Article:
They come in all sizes, shapes, and colors. From big to little, from extra-tiny to extra-large, dog breeds are as variable as the human race. Red, white, blue, black, brown, tawny, spotted, solid; short-hair, long-hair, no-hair. Outgoing and friendly, shy and reserved, protective, loving. A hunter, a herder, a comfort, service-oriented. Sniffing, drooling, laughing, quiet, boisterous. There is a type of dog for every type of person.
Dogs have been part of humankind’s existence for eons. And yet, millions need homes each and every year.
October is National Adopt-a-Shelter-Dog Month, a time to celebrate the joy of canine companionship and promote the adoption of these wonderful creatures. The ASPCA estimates nearly eight million dogs and cats enter shelters across the United States annually; about three million are killed. Sadly, only about 35 percent of animals that are available for adoption actually get new homes, meaning millions are killed because not enough people adopt.
In addition to the humane societies and animal shelters, there are rescue groups, many of which are voluntarily-run, that take in dogs (and cats) in an effort to re-home them. From coast-to-coast, these tireless individuals run these organizations with one focus: to save and adopt-out pets. Some are breed-specific; many of these are noted by the American Kennel Club (AKC). Others are type-specific, such as herding dogs or large dogs (see the websites for HERD of Wyoming and Big Dogs Huge Paws). Others accept whatever dog needs rescuing. To find a shelter or rescue group near you, visit Petfinder.com. Or, if you’re interested in a breed-specific rescue, visit the AKC website: http://www.akc.org/dog-breeds/rescue-network/contacts/
When you adopt, especially from a kill-shelter, you are saving a life. In fact, you’re likely saving two lives: the one you adopt and the one coming into the shelter after it. Wherever you adopt, shelter (kill or not) or rescue, you are helping more than one dog, for when you adopt, room in that facility or foster home is made for another animal in need.
Dogs that go into a rescue or shelter aren’t bad; they are likely being given up due to a move (the #1 reason people give up their animals), health of the person (an elderly individual going into a nursing home cannot take their beloved pet with them), or other life change, such as job loss. If behavior is the cause, the owner likely did not provide his/her dog with obedience training. Simple commands such as “sit,” “stay,” “heel,” “come,” and “no” alleviate a lot of behavior issues – but a dog can’t teach those things to himself; owners need to be responsible for the training of their pets. Classes are often held through AKC clubs, big-box pet stores, such as PetCo and PetSmart, or one can hire a trainer (or research how to train a dog themselves – just remember, positive reinforcement is the best way to train a dog).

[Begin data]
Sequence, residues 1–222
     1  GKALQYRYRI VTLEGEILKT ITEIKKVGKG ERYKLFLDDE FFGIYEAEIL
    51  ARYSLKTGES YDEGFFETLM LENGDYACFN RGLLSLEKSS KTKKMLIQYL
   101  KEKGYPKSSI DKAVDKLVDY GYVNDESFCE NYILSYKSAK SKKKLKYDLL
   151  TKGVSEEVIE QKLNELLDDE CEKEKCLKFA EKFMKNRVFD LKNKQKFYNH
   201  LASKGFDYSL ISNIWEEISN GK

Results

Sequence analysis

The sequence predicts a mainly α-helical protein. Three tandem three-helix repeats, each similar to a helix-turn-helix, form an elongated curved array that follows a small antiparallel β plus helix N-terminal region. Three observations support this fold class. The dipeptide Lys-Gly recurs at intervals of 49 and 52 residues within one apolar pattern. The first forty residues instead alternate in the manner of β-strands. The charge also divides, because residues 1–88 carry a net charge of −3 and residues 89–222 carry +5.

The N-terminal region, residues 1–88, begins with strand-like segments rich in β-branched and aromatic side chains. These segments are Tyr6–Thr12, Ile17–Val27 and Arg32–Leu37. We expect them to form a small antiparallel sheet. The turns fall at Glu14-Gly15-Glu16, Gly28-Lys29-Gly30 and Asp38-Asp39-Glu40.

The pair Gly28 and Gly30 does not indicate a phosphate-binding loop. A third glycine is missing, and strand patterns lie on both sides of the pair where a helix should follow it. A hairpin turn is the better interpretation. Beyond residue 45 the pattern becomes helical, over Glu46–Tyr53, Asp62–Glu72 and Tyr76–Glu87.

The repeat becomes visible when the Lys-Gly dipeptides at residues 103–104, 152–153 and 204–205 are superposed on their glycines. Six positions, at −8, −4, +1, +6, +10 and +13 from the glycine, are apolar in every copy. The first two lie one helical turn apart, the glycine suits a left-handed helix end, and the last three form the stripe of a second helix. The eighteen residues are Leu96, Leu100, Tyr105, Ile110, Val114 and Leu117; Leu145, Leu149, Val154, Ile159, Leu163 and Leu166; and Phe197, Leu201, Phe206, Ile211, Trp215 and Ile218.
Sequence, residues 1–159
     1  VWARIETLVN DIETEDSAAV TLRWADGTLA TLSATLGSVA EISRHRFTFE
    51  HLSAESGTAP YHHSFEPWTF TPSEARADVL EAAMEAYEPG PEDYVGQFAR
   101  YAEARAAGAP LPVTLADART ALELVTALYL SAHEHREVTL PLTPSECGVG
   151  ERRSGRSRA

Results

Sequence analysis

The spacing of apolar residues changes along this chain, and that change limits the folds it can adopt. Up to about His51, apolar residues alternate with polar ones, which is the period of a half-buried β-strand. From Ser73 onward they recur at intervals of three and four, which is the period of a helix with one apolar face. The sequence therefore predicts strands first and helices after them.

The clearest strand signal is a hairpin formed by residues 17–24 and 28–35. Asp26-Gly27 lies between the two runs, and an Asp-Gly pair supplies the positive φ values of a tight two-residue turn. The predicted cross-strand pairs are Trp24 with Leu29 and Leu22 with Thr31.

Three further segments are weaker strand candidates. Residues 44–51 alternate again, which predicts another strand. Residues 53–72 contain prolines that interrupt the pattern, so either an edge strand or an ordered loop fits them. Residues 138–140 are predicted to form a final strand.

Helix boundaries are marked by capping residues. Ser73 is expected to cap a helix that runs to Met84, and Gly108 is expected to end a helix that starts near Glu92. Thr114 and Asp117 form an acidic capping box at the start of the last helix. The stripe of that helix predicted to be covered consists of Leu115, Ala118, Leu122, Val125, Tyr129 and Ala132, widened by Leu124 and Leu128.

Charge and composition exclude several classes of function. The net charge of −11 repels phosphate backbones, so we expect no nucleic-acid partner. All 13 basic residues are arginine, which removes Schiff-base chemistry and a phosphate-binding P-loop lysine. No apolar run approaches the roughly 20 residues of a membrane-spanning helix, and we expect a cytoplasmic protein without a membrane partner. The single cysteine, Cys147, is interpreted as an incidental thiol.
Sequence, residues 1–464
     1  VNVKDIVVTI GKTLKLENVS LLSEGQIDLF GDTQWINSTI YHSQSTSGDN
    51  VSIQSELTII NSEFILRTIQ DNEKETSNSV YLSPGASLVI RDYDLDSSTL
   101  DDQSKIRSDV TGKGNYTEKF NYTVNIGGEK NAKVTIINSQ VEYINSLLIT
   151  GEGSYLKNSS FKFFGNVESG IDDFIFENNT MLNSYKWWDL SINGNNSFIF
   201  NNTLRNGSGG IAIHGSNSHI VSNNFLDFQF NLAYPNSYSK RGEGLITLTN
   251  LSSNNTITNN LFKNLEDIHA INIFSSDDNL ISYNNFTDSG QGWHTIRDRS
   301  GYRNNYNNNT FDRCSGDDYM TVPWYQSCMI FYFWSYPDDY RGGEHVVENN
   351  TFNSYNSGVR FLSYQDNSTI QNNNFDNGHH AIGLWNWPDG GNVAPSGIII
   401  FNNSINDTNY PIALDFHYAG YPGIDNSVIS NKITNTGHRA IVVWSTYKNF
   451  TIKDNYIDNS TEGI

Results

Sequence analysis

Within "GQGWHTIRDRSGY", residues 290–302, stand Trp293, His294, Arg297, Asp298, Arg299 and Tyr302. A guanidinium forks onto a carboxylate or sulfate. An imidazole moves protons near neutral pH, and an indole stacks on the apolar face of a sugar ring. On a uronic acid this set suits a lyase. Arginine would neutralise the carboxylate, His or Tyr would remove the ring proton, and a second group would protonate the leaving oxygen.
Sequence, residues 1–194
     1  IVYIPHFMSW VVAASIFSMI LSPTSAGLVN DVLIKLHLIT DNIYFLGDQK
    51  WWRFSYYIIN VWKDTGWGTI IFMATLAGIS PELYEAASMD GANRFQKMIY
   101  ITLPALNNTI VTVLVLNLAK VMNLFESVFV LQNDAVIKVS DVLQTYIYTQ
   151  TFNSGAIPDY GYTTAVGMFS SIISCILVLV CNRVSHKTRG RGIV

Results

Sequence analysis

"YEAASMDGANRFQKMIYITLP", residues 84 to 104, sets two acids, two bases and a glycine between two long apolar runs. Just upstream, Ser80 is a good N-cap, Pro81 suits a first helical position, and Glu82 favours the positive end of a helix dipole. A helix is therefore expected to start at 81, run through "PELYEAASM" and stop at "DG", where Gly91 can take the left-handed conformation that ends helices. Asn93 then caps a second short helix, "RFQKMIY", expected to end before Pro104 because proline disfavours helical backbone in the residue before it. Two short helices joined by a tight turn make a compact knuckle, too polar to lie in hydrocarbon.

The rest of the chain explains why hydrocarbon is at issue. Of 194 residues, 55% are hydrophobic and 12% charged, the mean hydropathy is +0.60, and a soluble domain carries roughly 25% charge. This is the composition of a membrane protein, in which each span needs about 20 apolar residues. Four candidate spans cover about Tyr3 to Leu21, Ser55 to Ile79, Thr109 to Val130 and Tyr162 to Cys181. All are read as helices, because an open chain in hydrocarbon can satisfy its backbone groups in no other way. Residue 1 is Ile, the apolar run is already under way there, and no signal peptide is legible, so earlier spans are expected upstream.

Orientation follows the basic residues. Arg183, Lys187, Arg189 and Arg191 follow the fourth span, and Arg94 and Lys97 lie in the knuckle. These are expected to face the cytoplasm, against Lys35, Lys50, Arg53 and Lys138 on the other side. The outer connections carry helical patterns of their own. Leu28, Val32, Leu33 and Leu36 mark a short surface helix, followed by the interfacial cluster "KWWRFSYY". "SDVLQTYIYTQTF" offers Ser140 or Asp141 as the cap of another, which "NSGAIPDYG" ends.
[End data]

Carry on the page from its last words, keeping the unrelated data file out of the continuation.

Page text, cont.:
Pets improve people’s lives. Research shows people with pets are happier and healthier. Dogs make us exercise; even walks around the block help both humans and their canine friends be healthier. The simple act of petting a dog decreases blood pressure, reduces stress, and calms us down as well as uplifts our moods. Many dogs enjoy riding in the car, going for walks, jogs, and hikes, and simply being a part of a family; therefore, they make wonderful companions!
So, consider adopting a dog this month. Whether you are single, married, have children (or not), or are retired, there’s a dog to fit every lifestyle. Of course, you need to find the RIGHT dog -- that’s one of the roles of animal shelters, rescue organizations, and humane societies. The staff and volunteers who spend time with the animals know their personalities and may often know the dog’s background, therefore, they offer a tremendous service for those hoping to add a dog to their life. But, do your research as well. You know your lifestyle – learn about the breeds and discover what type of dog best fits your family life and energy level. Visit this website to learn about the different dog breeds: http://www.akc.org/dog-breeds/
Be a hero – save a life today by adopting the right dog for you!
Gayle M. Irwin is a writer and public relations professional who volunteers with various animal rescue groups. She enjoys sharing her books and her passion for pets and the environment with others.